Authored by: Carolyn Crandall, Chief Security Advocate, Attivo Networks – In today’s quickly evolving threat landscape, perimeter defenses are no longer enough to keep attackers out. Firewalls and antivirus software still play a needed role in cybersecurity, but organizations require additional tools to detect and derail attackers once they have entered the network. Unfortunately, it is impossible to prevent 100% of attacks, which means today’s organizations must assume that their network has already been breached—and defend themselves accordingly.
In an interview with Digital Health Age web content editor Ian Bolland, Crandall explained the issues that are affecting medical devices when it comes to cybersecurity, including being built on operating systems that were designed to be in networks that are not interconnected. While things are getting connected, the devices that are going onto networks were never designed to be secure in such a way, and the ownership of security is a contentious issue.
“As the cybersecurity industry gathers at RSA this week, we are honored to be recognized by the 2019 InfoSec Awards as a proven leader in deception solutions and in detecting advanced threats,” said Attivo Networks CEO, Tushar Kothari. “With the Attivo Networks platform, customers can deceive, direct, and divert adversaries away from critical assets while safely collecting intelligence on their activity. The power to identify advanced attackers and better understand adversaries is having a clear and direct impact in reducing time-to-detection and the time it takes to investigate and respond to attacks.”
FREMONT, Calif. – February 26, 2019 – Attivo Networks® today announced today that CRN®, a brand of The Channel Company, has named Attivo Networks to its annual Security 100 list in the Network Security category. This list recognizes the coolest security vendors in each of five categories: Endpoint Security; Identity Management and Data Protection; Network Security; SIEM, Risk and Threat Intelligence; and Web, Email and Application Security.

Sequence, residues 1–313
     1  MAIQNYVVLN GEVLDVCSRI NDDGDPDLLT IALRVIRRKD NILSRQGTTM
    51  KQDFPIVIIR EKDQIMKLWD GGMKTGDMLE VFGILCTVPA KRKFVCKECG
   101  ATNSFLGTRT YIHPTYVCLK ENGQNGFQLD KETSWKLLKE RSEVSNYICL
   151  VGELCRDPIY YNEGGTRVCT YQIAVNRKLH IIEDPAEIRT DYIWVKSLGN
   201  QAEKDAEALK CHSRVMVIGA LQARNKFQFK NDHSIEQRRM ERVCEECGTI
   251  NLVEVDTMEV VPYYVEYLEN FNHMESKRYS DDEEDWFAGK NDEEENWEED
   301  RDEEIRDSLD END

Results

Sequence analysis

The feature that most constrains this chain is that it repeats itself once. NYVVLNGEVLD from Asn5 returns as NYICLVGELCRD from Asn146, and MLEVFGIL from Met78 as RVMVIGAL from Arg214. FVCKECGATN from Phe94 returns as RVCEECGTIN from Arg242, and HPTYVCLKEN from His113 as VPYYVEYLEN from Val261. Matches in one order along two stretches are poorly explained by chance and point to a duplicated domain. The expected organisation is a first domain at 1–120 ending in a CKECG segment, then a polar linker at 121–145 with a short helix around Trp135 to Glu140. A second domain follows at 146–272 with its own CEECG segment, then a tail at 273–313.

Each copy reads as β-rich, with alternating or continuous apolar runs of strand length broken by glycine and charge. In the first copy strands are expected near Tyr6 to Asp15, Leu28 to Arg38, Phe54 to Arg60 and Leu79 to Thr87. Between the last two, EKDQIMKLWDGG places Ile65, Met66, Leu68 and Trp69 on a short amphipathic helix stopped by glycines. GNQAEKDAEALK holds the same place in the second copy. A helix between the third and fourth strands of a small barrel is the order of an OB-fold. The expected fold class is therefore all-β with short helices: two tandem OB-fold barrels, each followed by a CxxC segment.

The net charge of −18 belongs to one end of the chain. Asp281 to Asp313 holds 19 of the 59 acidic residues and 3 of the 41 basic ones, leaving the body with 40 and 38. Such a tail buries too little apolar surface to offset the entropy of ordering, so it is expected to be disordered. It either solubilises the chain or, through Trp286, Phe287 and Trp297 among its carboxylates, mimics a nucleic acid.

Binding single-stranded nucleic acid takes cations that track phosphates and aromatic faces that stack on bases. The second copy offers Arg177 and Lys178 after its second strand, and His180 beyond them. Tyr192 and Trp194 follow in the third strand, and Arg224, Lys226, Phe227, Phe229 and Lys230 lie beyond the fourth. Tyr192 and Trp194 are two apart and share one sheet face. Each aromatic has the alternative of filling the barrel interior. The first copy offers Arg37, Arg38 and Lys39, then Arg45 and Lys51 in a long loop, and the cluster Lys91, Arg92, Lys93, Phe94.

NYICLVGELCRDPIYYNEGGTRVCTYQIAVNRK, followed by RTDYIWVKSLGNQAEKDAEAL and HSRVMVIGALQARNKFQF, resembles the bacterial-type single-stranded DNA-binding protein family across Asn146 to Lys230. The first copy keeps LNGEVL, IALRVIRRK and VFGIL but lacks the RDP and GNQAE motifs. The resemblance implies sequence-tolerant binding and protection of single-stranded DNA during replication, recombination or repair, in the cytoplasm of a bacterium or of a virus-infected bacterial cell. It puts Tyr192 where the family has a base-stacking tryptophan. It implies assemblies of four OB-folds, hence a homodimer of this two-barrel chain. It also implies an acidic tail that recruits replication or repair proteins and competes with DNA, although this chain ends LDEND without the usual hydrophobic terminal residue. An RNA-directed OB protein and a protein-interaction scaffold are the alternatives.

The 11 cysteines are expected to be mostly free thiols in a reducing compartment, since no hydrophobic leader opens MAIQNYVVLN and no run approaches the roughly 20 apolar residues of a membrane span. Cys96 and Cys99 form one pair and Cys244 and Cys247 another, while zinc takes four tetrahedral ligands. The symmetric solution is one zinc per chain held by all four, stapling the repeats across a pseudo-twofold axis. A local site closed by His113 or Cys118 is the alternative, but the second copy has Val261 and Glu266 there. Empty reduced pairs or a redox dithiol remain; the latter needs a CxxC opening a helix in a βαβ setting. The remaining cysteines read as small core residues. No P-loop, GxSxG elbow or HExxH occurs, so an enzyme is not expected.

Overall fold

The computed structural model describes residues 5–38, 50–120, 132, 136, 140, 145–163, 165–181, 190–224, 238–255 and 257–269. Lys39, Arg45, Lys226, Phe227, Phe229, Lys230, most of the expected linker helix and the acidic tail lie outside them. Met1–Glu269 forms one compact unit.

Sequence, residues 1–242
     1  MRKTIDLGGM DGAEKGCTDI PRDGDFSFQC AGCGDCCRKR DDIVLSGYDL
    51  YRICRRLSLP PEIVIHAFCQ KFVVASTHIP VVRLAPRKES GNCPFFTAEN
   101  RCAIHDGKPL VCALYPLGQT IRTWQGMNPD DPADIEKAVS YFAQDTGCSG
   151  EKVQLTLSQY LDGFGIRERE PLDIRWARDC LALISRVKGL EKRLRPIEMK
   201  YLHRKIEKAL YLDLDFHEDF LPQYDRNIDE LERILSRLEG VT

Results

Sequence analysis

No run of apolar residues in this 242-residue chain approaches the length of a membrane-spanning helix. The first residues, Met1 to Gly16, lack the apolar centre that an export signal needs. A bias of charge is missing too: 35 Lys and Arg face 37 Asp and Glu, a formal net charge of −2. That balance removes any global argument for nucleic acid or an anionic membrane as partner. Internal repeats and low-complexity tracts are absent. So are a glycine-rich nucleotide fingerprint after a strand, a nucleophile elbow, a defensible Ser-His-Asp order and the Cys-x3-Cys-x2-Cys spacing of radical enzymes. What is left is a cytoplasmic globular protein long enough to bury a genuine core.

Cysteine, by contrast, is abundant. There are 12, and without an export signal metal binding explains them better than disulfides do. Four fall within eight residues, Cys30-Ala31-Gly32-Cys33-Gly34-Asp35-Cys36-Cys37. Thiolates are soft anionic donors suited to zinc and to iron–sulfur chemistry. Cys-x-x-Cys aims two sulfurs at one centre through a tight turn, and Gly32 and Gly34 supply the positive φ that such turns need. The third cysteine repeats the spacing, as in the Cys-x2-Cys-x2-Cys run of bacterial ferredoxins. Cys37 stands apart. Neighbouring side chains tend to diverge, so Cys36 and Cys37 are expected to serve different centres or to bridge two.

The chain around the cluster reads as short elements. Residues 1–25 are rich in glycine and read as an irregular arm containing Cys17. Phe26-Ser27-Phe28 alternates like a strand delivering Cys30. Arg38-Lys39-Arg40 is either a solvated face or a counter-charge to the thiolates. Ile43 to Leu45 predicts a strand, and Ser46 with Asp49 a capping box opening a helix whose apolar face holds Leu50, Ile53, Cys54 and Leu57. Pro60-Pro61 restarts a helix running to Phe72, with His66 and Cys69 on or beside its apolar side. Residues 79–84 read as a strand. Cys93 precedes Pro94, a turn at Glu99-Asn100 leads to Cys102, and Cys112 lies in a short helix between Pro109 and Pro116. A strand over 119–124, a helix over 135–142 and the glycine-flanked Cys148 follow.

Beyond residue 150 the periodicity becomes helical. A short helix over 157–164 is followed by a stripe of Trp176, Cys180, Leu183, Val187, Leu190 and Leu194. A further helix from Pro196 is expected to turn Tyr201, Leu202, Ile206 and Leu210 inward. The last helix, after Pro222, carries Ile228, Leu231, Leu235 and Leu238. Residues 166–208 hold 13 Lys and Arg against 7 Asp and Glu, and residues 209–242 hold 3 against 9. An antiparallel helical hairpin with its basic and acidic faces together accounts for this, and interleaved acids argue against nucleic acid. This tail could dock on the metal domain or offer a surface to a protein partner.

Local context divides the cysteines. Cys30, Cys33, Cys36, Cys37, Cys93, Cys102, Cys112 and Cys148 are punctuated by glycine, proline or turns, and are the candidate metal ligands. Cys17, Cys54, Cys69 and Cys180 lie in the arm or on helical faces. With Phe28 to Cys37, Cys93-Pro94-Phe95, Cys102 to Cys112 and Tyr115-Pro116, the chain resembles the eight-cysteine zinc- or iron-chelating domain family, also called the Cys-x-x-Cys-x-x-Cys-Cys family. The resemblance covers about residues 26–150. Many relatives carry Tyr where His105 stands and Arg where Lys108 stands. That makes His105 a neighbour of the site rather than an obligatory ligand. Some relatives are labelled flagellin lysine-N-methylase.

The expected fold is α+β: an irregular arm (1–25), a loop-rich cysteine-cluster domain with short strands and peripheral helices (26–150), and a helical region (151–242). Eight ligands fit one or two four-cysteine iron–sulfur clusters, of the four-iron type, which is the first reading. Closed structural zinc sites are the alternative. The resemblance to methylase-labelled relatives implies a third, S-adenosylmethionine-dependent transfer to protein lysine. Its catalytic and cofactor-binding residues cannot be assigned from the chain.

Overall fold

One of the Office of Management and Budget’s goals for FY19 is to standardize cybersecurity capabilities and practices across the federal government. However, deciding which of these capabilities need to be deployed is a challenge. Tony Cole, chief technology officer at Attivo Networks, says that there are multiple obstacles to maintaining continuous diagnostics and mitigation at government agencies.
These days it’s not enough to try to keep cyber-thieves and online spies out of your company’s network — there’s a good chance they’re already in. That’s the rationale behind “deception technology,” a sector of the cybersecurity business that grew out of the reality that no matter how good a firm’s “perimeter security” may be, a global army of extremely clever, morally compromised technologists is working diligently to break it.
Throughout history, deception has been one of the classic strategies underpinning offensive and defensive tactics in military warfare. Camouflage, concealment, and fake information, such as false propaganda or physical decoys, have been used to mislead, confuse, and slow down enemy forces to gain a strategic advantage. It’s one of the classic philosophies from Sun Tzu’s The Art of War: “Rouse him, and learn the principle of his activity or inactivity. Force him to reveal himself, so as to find out his vulnerable spots.”
Authored by: Carolyn Crandall, The new year is upon us, and the need for comprehensive cybersecurity is as strong as ever. As threats that continue to evolve and expand, it is critical that organizations prepare for the future with a plan to address the most vulnerable aspects of their threat detection and response strategies. Breaches are already making headlines in 2019, and organizations are increasingly looking for ways to shift the balance of power away from the attacker.
For many years, enterprise cyber security was primarily reactive. That is, a network perimeter was established to prevent attacks, and if a breach occurred, then response activities were initiated. Typical cyber response activities would include perimeter adjustments, vulnerability remediation, and damage containment. The methodology of prevent, detect, and respond (in that order) has thus driven cyber security design for most teams.